As a starting chapter for a new story, it’s solid in its own right. Newfound Adventure, to me, threaded the needle between serious threats and lighthearted adventure deftly. The general sentiment I’ve seen around the internet suggests that it hit pretty well for a lot of folks. Coming after Endwalker’s base story, it neither hits as high of highs or as low of lows, but that is a stylistic choice and one that works very well here in my opinion – the de-escalation was needed because the more breaths we can take before the next sharp moments of the story, the better. Speaking of serious moments, let’s discuss the role questline.
The Role Quest Capstone
With Shadowbringers and now Endwalker, we get Role Quests instead of new job quests for each job, based on trinity roles (tank/healer/DPS) with further subdivisions for DPS types (melee/physical ranged/magical ranged, the ranged split being new in Endwalker). Once all of these chapters are complete, there is a patch-added capstone quest that ties the stories together and adds new lore.
In Shadowbringers, we got to bring Unukalhai to the First, where we found another surviving hero of the Thirteenth in the Crystarium barkeep, Cyella, who is actually a character named Cylva. They are likely about to be important characters in the forthcoming story, which makes that interesting!
For Endwalker, 6.1 brought the capstone to the current role quests, and it follows a design not unlike the prior EW role quests. In each of those, we spent time with a different city-state unpacking prior story events with the tie-in of EW’s Blasphemies, getting to see how the prior chapters of the FFXIV story have worked out for the people of Eorzea affected by those events, and to see clearly that some change is still needed, as things haven’t all worked out for the best. We had launch role quests touching every prior city-state, and the story of 6.1 focuses in a lot on Thavnair in the wake of the Final Days, so there is one nation that needs addressing – Garlemald.
Indeed, we turn back to the frozen ruins of the great empire, where a final Blasphemy haunts the ruins of the Tower of Babil – the turned Garlean heir of Nerva! We get to unpack some of the lingering issues of the MSQ – the Garleans, ever a proud people, laid low by their own hubris and the pushback on their own actions, and with us coming to them as benevolent figures and not enemies, which forced a lot of change in a short period of time. Thankfully, no one here has the same reaction that Quintus had in the MSQ, but we instead focus in on a new question – what can the Garleans offer to the world in the wake of the dissolution of the Empire?
The answer comes via the Role Quests, and with a surprising figure taking up the mantle of peacemaker – Nero. He inspires a small set of survivors to embrace the Garlean inventiveness and ingenuity and go with him to the moon, where Fourchenault and the Loporrits intend to create an archive of human knowledge without compare.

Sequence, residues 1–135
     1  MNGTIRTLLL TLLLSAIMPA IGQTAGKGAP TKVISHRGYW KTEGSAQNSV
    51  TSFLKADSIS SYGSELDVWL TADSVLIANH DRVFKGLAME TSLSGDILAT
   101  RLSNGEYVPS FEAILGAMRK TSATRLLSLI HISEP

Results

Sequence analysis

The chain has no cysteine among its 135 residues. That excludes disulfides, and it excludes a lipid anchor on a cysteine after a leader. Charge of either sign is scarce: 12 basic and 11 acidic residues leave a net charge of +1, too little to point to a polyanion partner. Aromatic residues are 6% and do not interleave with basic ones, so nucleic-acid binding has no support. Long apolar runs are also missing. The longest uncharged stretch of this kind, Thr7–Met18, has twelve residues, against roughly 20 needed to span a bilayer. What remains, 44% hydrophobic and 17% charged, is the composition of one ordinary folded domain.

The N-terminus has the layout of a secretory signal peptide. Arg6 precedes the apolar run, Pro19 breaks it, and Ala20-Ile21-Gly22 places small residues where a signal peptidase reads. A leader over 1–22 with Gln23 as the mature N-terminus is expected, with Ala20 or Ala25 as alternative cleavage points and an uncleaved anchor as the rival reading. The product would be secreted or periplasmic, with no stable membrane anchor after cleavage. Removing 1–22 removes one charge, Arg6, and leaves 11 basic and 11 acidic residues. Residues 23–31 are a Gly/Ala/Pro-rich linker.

As a story capstone, it does the same for Garlemald as the other EW role quests did for the other nations of the story and what 6.1’s MSQ does for Thavnair. We solve a remaining problem, bring more Garlean citizenry into the fold of the planet at large, and the process of building towards peace for the star continues on. This likely also sets the stage for some form of Loporrit tribal quests, as I would fully expect that they will be either our crafter or gatherer quest source in Endwalker at some point.
As a patch, 6.1 had a lot to do – it had to set FFXIV’s story on a new path after the resolution of the Hydaelyn and Zodiark saga, respect a return to form for players as adventurers in a way that honors the story told to this point and our role in it, and to continue to work towards payoff and resolution of the plot threads left dangling even after Endwalker’s launch story – the Garlean citizenry, rebuilding in the nations most hard-hit by the Final Days, and the like. It also needed to give us an early taste of a big and tantalizing adventure to come, and it pulled all of that off for me quite successfully. While I didn’t actually play Final Fantasy IV, knowing the inspiration and story arc of the characters pulled into the XIV story creates a lot of interesting possibilities, and the way that this franchise fan service is so seamlessly integrated into the game in a way that both longtime fans and newcomers can be excited about in different ways is no small feat. It won’t hit the mark for everyone, but I think that the success of the story coupled with the new repeatable content is shown with how many more people you can see wandering about the world.